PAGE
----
For a young girl to be able to walk away from a plane crash that killed everyone else on board, and then make her way through rough, densely wooded terrain at night to find help is being called an incredible miracle.
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Medical experts say the 7-year-old was likely driven by adrenaline.
"This is what we call the fight or flight response," said ABC News Senior Medical Contributor Dr. Jennifer Ashton. "That adrenaline, that hormone, clearly there's an element of emotional shock as well as physical shock but if she's able to survive the initial impact without a head injury, and then she's just talking about a five - to 15-minute walk through the dark in a very scary situation, it's incredible."
The crash happened late Friday in Kuttawa, Kentucky, according to the Federal Aviation Administration.
Disoriented and barefoot, the girl walked roughly a quarter of a mile through the remote wooded area in southwestern Kentucky to the home of Larry Wilkins, who called 911 and tried to get her warm and cleaned up.
Kentucky State Police Lt. Brent White told The Associated Press the girl had to cross two embankments, a hill and a creek bed to get from the site of the crash to Wilkins' house, and the temperatures were below 40 degrees last night.
"She literally fell out of the sky into a dark hole and didn't have anybody but her own will to live and get help for her family," White said. "Absolutely amazing."
Despite what she went through, the girl was coherent and calm when interviewed by authorities, White said.
The girl's parents, Marty Gutzler, 48 and his wife, Kimberly Gutzler, 46; her sister, Piper Gutzler, 9; and, a cousin, Sierra Wilder, 14, were all killed in the crash. They were all from Nashville, Illinois.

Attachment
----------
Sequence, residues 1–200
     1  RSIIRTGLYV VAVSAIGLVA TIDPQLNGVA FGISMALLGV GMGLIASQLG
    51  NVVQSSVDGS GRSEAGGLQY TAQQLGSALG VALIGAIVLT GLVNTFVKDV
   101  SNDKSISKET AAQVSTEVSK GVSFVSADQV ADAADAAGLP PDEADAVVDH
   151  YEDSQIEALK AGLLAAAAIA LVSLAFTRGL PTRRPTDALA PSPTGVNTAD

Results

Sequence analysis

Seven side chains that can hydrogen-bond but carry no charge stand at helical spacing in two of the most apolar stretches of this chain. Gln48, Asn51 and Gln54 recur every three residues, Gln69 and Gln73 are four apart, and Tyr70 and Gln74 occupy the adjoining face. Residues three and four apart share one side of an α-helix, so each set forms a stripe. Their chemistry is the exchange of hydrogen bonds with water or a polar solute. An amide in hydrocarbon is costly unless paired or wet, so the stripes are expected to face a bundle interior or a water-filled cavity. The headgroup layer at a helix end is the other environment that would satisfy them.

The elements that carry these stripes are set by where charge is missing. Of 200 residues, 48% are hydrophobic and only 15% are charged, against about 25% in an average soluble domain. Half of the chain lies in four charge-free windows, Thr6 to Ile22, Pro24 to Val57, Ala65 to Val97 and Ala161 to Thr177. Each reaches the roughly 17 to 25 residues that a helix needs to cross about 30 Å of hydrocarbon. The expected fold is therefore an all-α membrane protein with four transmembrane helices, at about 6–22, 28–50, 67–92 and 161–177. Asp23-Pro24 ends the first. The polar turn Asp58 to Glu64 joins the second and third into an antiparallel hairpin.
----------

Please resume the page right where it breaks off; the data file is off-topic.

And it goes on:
That the girl suffered only non-life threatening injuries was astonishing in itself, officials said. She was treated for a broken wrist and other injuries at Lourdes Hospital in Paducah, Kentucky, and released to a family member Saturday morning, police said.
"There really isn't any medical or scientific reasoning for that," said Ashton. "I mean, we know kids are incredibly resilient, but factors that we do know are associated with survival of a plane crash again, where you're seated and again with any high speed trauma, whether you're restrained or unrestrained, so what that means is if you have a seat belt on or not."
"There's a principle that we use in emergency medicine when there's, let's say, a motor vehicle accident - if there are fatalities at the scene, it gives us an indication of the degree of trauma," Ashton added. "Clearly this is no different."
Ashton said there are naturally concerns about the physical trauma the girl would have experienced in the crash, as well as the emotional impact of what she went through.
"When there are no survivors it tells us the impact, the velocity was significant. We worry about something called deceleration injuries when the internal blood vessels are torn. Obviously you also worry about head trauma, fractures, and then the psychological trauma - this little girl lost her entire family," she said.